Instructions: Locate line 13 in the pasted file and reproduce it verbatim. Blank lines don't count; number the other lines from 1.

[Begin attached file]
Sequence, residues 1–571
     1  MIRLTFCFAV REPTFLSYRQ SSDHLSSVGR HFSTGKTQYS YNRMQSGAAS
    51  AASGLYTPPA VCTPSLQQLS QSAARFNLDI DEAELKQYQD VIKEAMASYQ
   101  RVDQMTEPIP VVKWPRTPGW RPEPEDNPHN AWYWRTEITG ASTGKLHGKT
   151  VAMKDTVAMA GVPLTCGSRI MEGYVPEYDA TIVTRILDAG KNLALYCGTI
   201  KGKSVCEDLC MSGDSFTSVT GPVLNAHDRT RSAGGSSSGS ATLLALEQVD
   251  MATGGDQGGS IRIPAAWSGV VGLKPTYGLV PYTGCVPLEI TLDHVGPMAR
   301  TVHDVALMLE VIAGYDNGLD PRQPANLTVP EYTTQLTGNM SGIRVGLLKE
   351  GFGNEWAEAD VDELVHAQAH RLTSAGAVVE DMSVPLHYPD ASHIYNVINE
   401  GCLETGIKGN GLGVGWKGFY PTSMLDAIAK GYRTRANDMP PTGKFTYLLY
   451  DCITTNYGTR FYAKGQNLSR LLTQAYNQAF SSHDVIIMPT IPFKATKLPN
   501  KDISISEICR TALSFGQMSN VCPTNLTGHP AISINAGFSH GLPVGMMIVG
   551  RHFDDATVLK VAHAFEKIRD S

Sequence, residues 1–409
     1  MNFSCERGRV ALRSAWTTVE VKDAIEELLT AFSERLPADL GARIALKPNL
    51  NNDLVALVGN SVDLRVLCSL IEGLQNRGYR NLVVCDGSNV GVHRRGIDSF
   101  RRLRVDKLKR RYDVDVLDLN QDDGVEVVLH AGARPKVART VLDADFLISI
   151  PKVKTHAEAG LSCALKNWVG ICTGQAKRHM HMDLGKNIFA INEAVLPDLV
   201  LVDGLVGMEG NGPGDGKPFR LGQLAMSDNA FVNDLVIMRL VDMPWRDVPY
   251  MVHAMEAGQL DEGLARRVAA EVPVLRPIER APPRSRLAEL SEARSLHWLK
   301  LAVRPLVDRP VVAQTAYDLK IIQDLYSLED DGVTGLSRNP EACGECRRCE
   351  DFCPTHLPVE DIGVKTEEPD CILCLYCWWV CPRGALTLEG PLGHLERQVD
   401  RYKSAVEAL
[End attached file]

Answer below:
   551  RHFDDATVLK VAHAFEKIRD S